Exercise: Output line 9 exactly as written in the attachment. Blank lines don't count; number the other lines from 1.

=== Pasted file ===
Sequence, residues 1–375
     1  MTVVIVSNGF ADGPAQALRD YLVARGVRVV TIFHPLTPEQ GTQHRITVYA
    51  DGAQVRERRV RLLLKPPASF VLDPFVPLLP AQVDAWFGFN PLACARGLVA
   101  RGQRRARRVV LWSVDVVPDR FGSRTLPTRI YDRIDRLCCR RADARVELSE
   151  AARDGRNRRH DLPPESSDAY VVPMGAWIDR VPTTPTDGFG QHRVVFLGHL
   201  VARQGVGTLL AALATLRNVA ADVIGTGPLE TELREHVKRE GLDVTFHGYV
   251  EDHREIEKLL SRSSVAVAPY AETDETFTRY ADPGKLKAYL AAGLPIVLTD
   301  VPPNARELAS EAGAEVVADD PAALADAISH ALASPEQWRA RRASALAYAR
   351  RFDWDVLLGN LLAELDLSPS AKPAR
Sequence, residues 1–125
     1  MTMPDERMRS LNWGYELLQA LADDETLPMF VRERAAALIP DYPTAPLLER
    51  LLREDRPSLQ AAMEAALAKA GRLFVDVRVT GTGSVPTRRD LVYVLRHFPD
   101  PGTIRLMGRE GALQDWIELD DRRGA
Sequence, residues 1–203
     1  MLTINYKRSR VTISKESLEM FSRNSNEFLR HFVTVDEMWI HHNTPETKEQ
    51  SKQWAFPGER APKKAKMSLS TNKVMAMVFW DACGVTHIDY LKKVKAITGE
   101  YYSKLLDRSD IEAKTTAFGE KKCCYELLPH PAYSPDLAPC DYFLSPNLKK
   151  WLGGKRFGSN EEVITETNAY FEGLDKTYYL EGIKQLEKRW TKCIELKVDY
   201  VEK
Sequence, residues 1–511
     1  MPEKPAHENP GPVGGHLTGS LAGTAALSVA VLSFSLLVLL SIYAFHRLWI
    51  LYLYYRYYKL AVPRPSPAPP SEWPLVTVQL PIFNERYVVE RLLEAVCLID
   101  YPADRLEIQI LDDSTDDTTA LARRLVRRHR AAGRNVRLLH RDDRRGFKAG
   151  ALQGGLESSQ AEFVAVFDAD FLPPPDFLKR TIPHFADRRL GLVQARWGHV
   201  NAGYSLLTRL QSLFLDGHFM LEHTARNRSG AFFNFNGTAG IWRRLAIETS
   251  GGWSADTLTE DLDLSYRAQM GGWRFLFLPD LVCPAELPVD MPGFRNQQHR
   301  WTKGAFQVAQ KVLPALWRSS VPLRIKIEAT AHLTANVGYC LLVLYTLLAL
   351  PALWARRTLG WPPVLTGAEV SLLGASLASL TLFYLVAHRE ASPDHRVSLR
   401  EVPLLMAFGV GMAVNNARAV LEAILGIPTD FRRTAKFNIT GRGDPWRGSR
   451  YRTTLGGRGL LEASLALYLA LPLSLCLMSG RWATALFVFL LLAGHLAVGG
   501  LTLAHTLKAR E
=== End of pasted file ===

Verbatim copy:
   351  RFDWDVLLGN LLAELDLSPS AKPAR